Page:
On February 22, dozens of protesters stood outside the Attorney General of Canada’s office demanding the law stating HIV-positive people needing to disclose their status to all potential sexual partners be revoked.
Currently under Canadian law, not informing your sexual partner you’re HIV positive can land you an aggravated sexual assault charge, which is anywhere from 5 years up to a lifetime in jail. This offense has been enforced before, one example being Marjorie Schenkels, a woman who is HIV positive was charged with aggravated sexual assault charge for having unprotected sex three times with a friend in 2014. That being said, there is no official law stating the correct punishment for someone who doesn’t disclose having HIV.
When I first heard about this, I didn’t understand how people could protest this law. How could people want this law to be scratched and increase the chance of people contracting HIV?
Well, let’s dive into both sides of the argument because it’s more complicated than you might think.
The easier side to understand is people who are in favour of the current law. Their argument is simple: HIV and AIDS are deadly diseases. People should be well informed before being put into a situation where they might contract them. It’s the only real argument they have, but that’s all right because IT’S A VERY GOOD ONE.
Once you venture into the other side of the argument is when thinks start to get more complicated.
The first point people against the current law make is HIV isn’t as transmittable as people think due to general misconceptions surrounding it. According to a scientific consensus statement on aidslaw.ca, there are three main factors that contribute to the transmission of the virus:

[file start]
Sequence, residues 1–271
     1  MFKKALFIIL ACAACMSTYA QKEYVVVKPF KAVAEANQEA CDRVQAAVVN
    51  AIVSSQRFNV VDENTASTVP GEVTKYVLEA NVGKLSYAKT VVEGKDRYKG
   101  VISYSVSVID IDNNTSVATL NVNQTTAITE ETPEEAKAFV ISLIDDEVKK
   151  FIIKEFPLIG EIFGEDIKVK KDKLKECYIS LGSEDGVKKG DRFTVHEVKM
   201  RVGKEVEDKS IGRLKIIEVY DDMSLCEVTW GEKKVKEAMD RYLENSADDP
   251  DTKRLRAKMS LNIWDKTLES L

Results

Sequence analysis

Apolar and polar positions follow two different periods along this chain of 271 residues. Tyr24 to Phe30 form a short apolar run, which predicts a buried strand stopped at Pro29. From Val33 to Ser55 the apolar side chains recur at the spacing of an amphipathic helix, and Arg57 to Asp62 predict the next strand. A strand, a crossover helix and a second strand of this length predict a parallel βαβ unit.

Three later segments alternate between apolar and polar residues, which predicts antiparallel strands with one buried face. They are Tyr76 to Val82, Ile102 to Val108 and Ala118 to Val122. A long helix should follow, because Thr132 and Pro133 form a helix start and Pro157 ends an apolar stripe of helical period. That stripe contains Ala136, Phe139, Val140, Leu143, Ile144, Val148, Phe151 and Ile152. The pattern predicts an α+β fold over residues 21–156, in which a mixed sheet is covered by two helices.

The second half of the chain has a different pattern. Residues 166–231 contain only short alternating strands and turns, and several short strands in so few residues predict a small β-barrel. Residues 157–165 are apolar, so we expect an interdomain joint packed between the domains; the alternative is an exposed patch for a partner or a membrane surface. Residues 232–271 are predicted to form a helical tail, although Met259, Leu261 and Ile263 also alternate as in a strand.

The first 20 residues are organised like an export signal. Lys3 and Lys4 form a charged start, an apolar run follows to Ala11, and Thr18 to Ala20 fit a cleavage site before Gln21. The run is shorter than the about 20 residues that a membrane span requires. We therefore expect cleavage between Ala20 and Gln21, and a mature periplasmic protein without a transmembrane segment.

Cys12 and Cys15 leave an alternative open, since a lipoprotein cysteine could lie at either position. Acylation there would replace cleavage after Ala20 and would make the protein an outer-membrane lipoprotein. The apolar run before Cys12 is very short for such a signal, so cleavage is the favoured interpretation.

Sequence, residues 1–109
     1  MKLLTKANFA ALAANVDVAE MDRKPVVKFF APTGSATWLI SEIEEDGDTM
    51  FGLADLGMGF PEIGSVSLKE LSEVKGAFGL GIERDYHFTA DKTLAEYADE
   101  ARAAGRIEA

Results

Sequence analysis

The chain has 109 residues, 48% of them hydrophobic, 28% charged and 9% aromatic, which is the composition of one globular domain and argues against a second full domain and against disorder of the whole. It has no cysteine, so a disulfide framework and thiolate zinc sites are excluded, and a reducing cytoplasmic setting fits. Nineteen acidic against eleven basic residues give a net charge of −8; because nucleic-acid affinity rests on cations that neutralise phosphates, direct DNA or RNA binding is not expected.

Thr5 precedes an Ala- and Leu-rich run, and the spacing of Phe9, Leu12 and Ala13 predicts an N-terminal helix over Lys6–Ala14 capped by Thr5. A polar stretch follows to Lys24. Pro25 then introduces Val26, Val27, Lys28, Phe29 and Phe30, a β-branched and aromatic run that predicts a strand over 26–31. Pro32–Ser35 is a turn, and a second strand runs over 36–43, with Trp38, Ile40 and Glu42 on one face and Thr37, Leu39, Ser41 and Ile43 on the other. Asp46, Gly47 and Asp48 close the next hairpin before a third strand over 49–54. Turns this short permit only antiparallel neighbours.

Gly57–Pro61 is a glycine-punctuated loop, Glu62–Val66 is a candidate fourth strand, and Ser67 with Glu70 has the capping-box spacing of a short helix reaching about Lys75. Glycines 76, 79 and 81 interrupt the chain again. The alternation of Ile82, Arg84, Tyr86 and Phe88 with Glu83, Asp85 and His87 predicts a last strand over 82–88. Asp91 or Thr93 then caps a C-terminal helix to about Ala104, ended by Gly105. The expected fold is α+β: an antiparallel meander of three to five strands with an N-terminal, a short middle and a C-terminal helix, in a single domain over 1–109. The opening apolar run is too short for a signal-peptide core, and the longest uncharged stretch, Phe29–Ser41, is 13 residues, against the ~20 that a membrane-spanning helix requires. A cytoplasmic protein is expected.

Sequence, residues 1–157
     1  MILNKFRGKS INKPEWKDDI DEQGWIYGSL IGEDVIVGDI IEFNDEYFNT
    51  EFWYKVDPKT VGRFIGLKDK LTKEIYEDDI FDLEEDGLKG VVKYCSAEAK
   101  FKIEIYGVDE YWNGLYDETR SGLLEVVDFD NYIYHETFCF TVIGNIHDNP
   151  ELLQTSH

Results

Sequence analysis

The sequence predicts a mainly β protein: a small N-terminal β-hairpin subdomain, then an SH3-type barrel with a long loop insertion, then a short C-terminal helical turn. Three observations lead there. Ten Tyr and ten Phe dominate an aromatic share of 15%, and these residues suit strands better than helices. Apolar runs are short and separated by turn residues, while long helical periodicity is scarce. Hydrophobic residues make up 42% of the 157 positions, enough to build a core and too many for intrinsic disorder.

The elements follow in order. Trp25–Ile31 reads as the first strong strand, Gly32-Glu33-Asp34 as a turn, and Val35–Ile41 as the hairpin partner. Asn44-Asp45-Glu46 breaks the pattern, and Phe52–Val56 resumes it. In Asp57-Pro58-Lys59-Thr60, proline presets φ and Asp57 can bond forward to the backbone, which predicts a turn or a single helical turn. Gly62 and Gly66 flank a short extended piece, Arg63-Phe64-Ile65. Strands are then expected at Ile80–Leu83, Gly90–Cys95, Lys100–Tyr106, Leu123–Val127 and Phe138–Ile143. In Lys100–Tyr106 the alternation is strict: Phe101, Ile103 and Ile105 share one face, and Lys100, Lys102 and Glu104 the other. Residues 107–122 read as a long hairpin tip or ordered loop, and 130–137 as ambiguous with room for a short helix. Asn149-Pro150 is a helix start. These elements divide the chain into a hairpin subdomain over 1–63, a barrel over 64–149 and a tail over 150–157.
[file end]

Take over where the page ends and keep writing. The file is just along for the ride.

- Type of sexual act
- Condom use
- Antiretroviral therapy use and viral load in the HIV-positive person
The type of sexual act increases or decreases the chance of transmission. For example, oral sex has a significantly lower chance than vaginal and anal sex because HIV isn’t transferable through saliva. Is only transferable through semen, vaginal fluid, and anal fluid, and even then is only transferable these fluids come into contact with specific cells in an HIV-negative person.
Condom use is important because as long as the condom doesn’t break, HIV cannot pass through the latex barrier. However, they recognize condoms do tend to break from time to time.
Antiretroviral therapy is how people with HIV are treated. The goal of this type of treatment is to stop the virus from making copies of itself. Viral load is how contagious someone with HIV actually is, and the goal of antiretroviral therapy is to have an undetectable viral load, meaning little to no HIV.
The scientific community against the current Canadian law says the combination of these three factors can lead to HIV almost being completely non-transmittable. You can read the detailed report discussing these factors and more about HIV prevention here: http://www.aidslaw.ca/site/wp-content/uploads/2014/06/Canadian-statement1.pdf
The other argument is the law surrounding HIV creates a stigma that does more damage than it does good. Protestors say shaming people for having HIV and making them afraid of the social and legal consequences deters them from wanting to tell anyone about their HIV status, especially when they can be legally labelled as people who committed aggravated sexual assault.
What do I think?
I think both sides have very valid points. Being labelled a rapist for not telling someone of a condition you’re ashamed of is harsh. You could create a specific category in the Criminal Code of Canada addressing HIV transmission, but giving it its own section could further add to the stigma surrounding the virus. On the other hand, unlike chlamydia or other STIs, HIV and AIDS are deadly. I still think you should make people fully aware of what they’re getting into before they make a decision that could possibly end their life – no matter how low the risk is.
So, what do you think? Am I right? Am I wrong? Should it continue to be illegal not to disclose your HIV to sexual partners? Should the Canadian government trash the law surrounding it? Should there be a new section introduced into the Criminal Code of Canada addressing this issue? Let me know in the comment section below, and make sure to get your friends and family in on the debate by sharing this article.